Daily | Eleanor Parker, 1922 – 2013

Eleanor Parker

Eleanor Parker

Eleanor Parker, a versatile leading lady of the 1940s, ’50s and ’60s who earned three Oscar nominations—none of which were for her best-known role as the baroness in The Sound of Music—died Monday in Palm Springs of complications of pneumonia,” report Susan King and Elaine Woo for the Los Angeles Times. She was 91. “Parker brought a coolness, reserve and elegance to her portrayal of the baroness who is determined to marry the handsome captain played by Christopher Plummer, only to lose him to his children’s governess, Maria, portrayed by Julie Andrews.”

“The highest accolades of Ms. Parker’s career came a decade before,” notes Anita Gates in the New York Times. “She was nominated for an Oscar for dramatic roles as a wrongly convicted young prisoner in Caged (1950), a police officer’s neglected wife in Detective Story (1951) and an opera star with polio in Interrupted Melody (1955), a biography of the Australian soprano Marjorie Lawrence…. If she never became a star, admirers contended, it was because of her versatility. Sometimes a blonde, sometimes a brunette, often a redhead, Ms. Parker made indelible impressions but submerged herself in a wide range of characters, from a war hero’s noble fiancée in Pride of the Marines (1945) to W. Somerset Maugham’s vicious waitress-prostitute in a remake of Of Human Bondage (1946).”

“One of her most heralded but least seen performances was in Lizzie (1957), a film about a woman with multiple personalities,” adds Adam Bernstein in the Washington Post. “The movie had the misfortune of being released the same year as The Three Faces of Eve, which was heavily promoted to advance the career of newcomer Joanne Woodward. Still, Lizzie remained a powerful and convincing portrayal of three separate identities in one body—a pathologically shy museum worker, a lusty barfly and a well-adjusted woman. Instead of relying on film-editing tricks, Ms. Parker showed subtle but convincing shifts in character in view of the camera. The movie critic Judith Crist once called Lizzie a ‘neglected but fascinating’ film that ‘boasts a stunning performance’ by Ms. Parker.”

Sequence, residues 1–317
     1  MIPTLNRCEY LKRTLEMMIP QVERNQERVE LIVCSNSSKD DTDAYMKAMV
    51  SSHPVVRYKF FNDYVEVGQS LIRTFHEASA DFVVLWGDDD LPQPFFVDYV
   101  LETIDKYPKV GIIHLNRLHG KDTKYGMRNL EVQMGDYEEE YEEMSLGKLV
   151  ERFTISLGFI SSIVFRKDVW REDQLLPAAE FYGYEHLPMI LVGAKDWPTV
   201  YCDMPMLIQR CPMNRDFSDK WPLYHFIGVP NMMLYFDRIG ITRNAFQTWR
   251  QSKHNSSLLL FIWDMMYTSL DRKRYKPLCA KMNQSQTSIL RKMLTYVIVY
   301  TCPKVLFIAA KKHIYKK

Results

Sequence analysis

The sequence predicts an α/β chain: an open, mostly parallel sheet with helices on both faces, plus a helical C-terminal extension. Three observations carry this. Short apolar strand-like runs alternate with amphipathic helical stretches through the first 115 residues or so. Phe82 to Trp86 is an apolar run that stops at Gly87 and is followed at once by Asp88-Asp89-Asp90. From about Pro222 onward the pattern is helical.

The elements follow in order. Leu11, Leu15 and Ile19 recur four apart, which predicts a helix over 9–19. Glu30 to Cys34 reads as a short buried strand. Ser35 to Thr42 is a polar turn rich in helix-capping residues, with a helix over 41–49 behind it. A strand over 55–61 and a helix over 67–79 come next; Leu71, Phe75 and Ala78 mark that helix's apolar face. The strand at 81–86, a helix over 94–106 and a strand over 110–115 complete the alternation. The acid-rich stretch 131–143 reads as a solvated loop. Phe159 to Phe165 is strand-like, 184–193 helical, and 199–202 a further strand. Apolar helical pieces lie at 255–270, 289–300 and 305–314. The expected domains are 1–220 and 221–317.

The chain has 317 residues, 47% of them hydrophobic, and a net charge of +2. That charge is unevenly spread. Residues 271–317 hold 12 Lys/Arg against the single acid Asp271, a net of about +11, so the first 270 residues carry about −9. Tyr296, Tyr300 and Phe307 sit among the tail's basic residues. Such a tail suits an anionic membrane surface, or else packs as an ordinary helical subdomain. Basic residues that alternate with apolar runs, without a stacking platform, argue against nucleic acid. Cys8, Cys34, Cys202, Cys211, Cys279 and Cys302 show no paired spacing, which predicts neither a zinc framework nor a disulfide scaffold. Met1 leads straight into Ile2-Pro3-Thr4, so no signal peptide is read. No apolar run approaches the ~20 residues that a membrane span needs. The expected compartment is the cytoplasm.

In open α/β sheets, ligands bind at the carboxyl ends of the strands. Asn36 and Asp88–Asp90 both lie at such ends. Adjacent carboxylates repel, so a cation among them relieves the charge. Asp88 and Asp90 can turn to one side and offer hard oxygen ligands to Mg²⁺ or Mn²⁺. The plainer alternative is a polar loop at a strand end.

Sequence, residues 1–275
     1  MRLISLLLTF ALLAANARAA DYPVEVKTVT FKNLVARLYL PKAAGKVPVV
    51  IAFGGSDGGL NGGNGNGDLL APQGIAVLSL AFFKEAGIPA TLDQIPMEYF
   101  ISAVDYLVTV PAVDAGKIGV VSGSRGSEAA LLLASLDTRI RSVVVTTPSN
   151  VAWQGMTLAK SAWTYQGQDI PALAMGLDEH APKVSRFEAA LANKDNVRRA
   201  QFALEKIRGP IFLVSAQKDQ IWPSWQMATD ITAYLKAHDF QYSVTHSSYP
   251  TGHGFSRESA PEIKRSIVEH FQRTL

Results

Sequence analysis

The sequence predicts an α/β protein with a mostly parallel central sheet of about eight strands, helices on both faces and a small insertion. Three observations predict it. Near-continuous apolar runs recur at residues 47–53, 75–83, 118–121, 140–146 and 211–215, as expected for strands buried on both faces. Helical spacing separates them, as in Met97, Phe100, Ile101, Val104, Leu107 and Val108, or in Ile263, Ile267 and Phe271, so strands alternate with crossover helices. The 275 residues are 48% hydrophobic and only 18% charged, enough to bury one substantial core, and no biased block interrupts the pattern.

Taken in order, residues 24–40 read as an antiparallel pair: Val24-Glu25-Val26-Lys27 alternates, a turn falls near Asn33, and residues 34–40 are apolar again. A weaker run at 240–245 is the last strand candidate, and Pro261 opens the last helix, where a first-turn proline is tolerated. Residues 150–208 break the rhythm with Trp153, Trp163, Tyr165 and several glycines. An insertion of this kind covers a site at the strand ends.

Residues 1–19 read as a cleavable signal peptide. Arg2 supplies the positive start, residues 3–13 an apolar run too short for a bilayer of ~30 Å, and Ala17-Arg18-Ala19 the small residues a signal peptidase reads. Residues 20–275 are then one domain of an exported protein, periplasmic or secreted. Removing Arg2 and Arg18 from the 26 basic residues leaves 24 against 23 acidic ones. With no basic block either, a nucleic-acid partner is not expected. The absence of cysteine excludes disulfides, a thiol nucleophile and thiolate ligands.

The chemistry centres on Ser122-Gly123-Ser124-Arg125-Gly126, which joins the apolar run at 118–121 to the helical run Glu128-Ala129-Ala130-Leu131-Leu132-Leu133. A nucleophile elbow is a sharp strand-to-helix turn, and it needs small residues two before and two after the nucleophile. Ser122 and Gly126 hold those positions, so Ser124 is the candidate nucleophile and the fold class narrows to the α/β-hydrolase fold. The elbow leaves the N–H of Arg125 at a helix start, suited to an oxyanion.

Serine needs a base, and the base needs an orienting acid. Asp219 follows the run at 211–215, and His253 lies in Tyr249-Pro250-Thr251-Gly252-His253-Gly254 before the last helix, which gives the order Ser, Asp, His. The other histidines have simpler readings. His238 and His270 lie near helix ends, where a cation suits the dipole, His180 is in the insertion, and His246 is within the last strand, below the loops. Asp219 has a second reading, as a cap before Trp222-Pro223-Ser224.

At the Alt Film Guide, Andre Soares lays out the biography and adds: “In June 2013, on the occasion of her 91st birthday, Eleanor Parker was Turner Classic Movies’ Star of the Month. I wrote extensively about her and her films at the time. Please check out ‘Eleanor Parker Now on TCM’ and the follow-up articles: ‘Eleanor Parker Movies,’ ‘Eleanor Parker Today,’ ‘Eleanor Parker: Actress Turns 91.’ Also worth checking out: ‘Eleanor Parker, Jean Peters, Jean Arthur, Patricia Neal, and others in “Forgotten Actresses Montage.”‘”

Updates, 12/16: Parker was a “ravishing redhead whose beauty was not her claim to celebrity but an ornament to her craft,” writes Time‘s Richard Corliss. “Indeed, she shone in roles for which her classic good looks—the warm mouth, perfect oval face and eyebrows worthy of a Shakespearean sonnet—might be an irrelevance or a disadvantage. So often, Hollywood said: We’ll take this gorgeous girl and muss her up. Parker jumped at the chance and gave some of the movie midcentury’s strongest performances.” And he revisits several of them with aplomb.

“Dana Andrews, her co-star in Madison Avenue (1962), called her ‘the least heralded great actress,'” notes Ronald Bergan in the Guardian. “One of Parker’s greatest roles was as the polio-afflicted Australian dramatic soprano Marjorie Lawrence in Interrupted Melody (1955). With her voice dubbed by Eileen Farrell in the opera sequences, Parker brought superb emotional power to the part. Again, she was nominated for an Oscar. There followed another string of challenging and contrasting roles: Frank Sinatra’s possessive wife in The Man With the Golden Arm (1955); the unhappy wife in The Seventh Sin (1957), based on Maugham’s The Painted Veil; the handsome widow angling for Sinatra in Frank Capra’s A Hole in the Head (1959) and the long- suffering wife of a wealthy Texas land baron (Robert Mitchum) in Vincente Minnelli’s Home from the Hill (1960).”

“Of all of Eleanor Parker’s diverse performances, the stand out is Caged,” writes Anne Marie at the Film Experience. “Now a cult classic, Caged tells the story of a young lady (Parker) whose experiences in a woman’s prison quickly turn her from naive innocent to cynical con. It could easily be lumped in with other Prison Women movies, but the fact is that for its time Caged was a shocking movie. Topics usually considered verboten by the Hays Code censorship—pregnancy, women’s crime, homosexuality, and corrupt law enforcement—are all taboos attacked by this film. At the center of this whirlwind stands Eleanor Parker, giving one hell of a heartbreaking performance.”

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